Punished for being poor
Innocent people who can't make bail end up serving time, accepting plea deals
By Sydney Diewald
In the United States, everyone is supposed to be presumed innocent until proven guilty. But before they even stand trial, many people accused of a crime are forced to serve time in jail or accept a plea deal, regardless of whether they committed the crime in question, purely because they can’t afford to buy their freedom through cash bail.
Bail reform is gaining headway because people are waking up to the obvious injustices in the current system, which penalizes the poor, compounds the cycle of poverty, and pulls ever more people into the criminal punishment system, while disproportionately harming families of color. According to the ACLU of Ohio, cash bail is the single largest contributing factor to mass incarceration, as “people detained pretrial account for 95% of all jail growth since 2000.”
Policymakers are making reforms across the country, from New Jersey to California, with the core tenet that cash bail should be replaced with “risk assessments” and electronic monitoring technology.
Recently, Ohio Supreme Court Chief Justice Maureen O’Connor expressed concern over the morality of locking people up pre-trial, knowing that they are likely to “lose their employment, maybe lose where they live, [and] lose stability of whatever family they may have.” She and the court have formed a bail reform task force, whose first report made recommendations consistent with those mentioned above.
Assessment algorithms vastly overestimate the risk individuals pose to society and raise the possibility of “cementing the irrational fears and flawed logic of mass incarceration behind a veneer of scientific objectivity.” Because these assessments weigh factors such as renter vs. homeowner status and the length of current employment, they lead to disproportionate jailing of the same people as the cash bail system we seek to replace. According to an open letter penned by twenty-seven researchers from prominent US universities, this method is “deeply flawed and racially biased.”
Meanwhile, the Cleveland Municipal Court has already begun replacing cash bail for non-violent charges with a system that places people in Cuyahoga County under probation-like conditions, including electronic surveillance, curfews, reporting requirements, and/or mandatory drug testing, before they have been convicted of anything. Keep in mind that, as it stands, Ohio has the third highest share of people under probation.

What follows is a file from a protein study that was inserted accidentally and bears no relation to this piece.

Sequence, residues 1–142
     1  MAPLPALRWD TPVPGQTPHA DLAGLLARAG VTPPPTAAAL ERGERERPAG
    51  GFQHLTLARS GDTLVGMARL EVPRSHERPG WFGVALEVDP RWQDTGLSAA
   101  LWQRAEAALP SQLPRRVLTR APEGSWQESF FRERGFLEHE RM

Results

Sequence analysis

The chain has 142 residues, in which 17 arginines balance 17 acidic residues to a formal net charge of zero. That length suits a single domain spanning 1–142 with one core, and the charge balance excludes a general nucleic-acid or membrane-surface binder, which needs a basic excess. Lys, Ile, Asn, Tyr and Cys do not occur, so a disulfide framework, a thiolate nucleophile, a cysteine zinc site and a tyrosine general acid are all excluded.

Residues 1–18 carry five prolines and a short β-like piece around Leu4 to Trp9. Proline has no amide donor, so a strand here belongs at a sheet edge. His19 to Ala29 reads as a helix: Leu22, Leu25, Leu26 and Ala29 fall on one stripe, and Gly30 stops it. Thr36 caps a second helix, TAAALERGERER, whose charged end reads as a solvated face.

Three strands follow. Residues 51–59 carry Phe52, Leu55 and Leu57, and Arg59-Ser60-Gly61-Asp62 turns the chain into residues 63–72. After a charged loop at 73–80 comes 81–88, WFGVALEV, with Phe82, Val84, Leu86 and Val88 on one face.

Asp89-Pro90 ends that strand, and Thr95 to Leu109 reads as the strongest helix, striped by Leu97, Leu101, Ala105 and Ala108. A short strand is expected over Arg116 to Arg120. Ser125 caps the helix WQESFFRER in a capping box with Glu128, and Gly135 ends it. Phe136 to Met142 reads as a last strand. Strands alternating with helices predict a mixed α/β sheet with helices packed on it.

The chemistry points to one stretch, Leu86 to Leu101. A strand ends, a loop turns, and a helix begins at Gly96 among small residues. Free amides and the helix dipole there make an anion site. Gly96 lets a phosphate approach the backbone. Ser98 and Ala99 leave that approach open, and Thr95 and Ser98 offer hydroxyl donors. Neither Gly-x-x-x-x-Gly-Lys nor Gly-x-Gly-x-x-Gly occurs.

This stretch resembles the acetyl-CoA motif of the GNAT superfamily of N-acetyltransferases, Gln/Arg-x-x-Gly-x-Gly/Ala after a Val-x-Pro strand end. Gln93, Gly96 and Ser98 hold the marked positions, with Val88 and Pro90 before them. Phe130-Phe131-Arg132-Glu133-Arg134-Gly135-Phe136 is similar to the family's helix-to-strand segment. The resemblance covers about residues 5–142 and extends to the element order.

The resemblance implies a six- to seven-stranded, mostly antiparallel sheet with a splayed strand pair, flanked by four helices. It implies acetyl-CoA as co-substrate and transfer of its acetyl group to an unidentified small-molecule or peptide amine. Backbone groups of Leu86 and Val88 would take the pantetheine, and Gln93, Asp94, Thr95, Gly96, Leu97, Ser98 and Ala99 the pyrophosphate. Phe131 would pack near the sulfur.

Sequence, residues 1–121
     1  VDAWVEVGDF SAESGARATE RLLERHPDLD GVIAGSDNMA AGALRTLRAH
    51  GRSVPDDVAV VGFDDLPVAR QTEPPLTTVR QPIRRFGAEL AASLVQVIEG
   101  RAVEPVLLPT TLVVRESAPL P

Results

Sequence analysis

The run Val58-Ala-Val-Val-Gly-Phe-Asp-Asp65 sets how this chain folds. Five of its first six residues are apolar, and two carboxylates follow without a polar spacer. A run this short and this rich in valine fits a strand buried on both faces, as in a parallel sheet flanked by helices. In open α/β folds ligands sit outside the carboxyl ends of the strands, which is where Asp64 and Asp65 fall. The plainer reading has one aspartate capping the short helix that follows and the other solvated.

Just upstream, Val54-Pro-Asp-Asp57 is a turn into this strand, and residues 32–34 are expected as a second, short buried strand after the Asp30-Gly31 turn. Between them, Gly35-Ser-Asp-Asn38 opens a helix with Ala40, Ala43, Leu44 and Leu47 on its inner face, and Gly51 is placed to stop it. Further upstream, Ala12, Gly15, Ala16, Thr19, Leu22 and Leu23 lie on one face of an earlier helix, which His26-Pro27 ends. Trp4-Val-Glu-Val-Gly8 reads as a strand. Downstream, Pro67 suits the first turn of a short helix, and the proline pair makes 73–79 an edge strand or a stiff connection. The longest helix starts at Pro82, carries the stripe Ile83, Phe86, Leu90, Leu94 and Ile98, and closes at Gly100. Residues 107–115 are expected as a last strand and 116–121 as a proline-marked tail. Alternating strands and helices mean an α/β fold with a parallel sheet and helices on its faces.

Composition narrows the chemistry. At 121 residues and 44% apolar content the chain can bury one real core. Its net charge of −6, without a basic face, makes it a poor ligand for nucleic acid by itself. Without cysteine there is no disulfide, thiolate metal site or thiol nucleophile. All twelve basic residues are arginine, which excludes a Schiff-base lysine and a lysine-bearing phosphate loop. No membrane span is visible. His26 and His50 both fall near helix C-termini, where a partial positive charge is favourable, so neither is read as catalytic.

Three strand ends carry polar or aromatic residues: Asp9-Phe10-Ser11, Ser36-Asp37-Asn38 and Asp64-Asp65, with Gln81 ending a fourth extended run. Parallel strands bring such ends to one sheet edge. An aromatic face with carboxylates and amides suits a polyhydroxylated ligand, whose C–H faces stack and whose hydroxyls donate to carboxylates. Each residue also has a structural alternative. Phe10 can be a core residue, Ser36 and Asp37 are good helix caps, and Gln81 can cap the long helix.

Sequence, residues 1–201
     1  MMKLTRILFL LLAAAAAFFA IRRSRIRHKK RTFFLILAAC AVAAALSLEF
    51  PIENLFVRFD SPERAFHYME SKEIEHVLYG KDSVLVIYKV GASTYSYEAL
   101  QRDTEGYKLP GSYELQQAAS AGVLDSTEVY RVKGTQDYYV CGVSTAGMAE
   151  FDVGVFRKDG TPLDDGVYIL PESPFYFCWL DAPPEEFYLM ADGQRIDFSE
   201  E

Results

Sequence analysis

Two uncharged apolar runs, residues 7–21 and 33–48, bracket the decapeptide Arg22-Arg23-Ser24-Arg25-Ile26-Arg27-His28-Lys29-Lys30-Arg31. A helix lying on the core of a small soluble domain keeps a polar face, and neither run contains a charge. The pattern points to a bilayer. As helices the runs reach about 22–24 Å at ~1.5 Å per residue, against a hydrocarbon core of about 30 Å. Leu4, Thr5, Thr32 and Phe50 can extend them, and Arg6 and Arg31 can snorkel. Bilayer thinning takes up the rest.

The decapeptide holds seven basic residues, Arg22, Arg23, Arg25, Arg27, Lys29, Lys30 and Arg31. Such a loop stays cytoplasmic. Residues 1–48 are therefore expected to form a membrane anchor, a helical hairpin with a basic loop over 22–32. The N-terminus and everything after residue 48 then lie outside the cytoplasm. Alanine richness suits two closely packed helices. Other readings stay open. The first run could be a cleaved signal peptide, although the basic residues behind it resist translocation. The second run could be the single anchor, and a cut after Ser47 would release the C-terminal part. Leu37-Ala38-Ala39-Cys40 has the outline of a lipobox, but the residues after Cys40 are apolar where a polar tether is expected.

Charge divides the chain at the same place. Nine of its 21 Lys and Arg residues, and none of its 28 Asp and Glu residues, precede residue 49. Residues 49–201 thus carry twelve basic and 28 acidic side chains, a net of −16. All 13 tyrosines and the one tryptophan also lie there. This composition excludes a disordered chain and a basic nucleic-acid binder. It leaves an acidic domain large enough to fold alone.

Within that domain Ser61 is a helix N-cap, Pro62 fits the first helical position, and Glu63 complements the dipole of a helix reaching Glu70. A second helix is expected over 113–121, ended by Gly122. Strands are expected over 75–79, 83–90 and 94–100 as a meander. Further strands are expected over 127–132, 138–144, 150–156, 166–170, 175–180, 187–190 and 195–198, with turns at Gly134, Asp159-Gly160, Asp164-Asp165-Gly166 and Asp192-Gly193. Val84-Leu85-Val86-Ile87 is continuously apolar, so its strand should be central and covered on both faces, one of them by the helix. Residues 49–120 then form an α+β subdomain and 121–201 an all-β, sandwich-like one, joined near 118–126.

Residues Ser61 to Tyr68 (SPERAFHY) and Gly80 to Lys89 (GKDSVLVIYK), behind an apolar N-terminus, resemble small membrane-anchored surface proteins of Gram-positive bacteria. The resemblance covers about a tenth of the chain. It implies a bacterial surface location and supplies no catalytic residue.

While the city of Cleveland originally footed the $250,000 bill, then provided an additional $700,000 to extend their pretrial monitoring services through the end of this year, other states have turned to private companies to keep similar programs in operation long-term. Driven by profit rather than justice or fairness, companies like Corrections Corporation of America (CCA) wind up implementing “offender funded” payment plans, which typically cost more than bail, without the promise of an eventual refund. A recent ProPublica Article outlined how this system currently operates in Missouri—forcing those accused of a crime into debt and, if they miss a payment deadline, into jail. Taking this route is not really reform at all; it will continue to punish people for being poor.
Knowing that CCA already operates two for-profit prisons here in Ohio, this line of the report raised alarm bells: “The Task Force recognizes the difficulty local courts may have in affording pretrial services … Where possible, the Task Force recommends existing justice system partners be utilized to provide these services.”
Scrapping cash bail does not have to mean people charged with a crime go on probation, accumulate debt, or remain imprisoned by an overzealous algorithm while they await trail. Concern over re-appearance, the main purpose for cash bail, is misplaced. People who miss trial are typically worried about losing their job or finding a babysitter. And, because arraignment dates are typically provided by the arresting officer, some people find the stress of the situation so overwhelming that they simply forget when they are supposed to appear.
The Bail Project, a first of its kind organization, which posts bail on behalf of accused people, while fighting against both the cash bail system and the digital surveillance replacement model, has found that 96% of accused individuals show up when provided with a text or call reminder and social supports, like childcare and transportation assistance. The former has already made it into the task force’s recommendations, representing a glimmer of hope for our state’s criminal justice reform efforts.
The Ohio Supreme Court should carefully evaluate the potential consequences of their task force’s recommendations, and the General Assembly should think twice before funding them. The last thing we want to do is replace cash bail with a similarly unjust and destructive system.
The bottom line is that the principle of “innocent until proven guilty,” granted by the sixth amendment of the US Constitution, should apply to all of us—not just those who can afford it.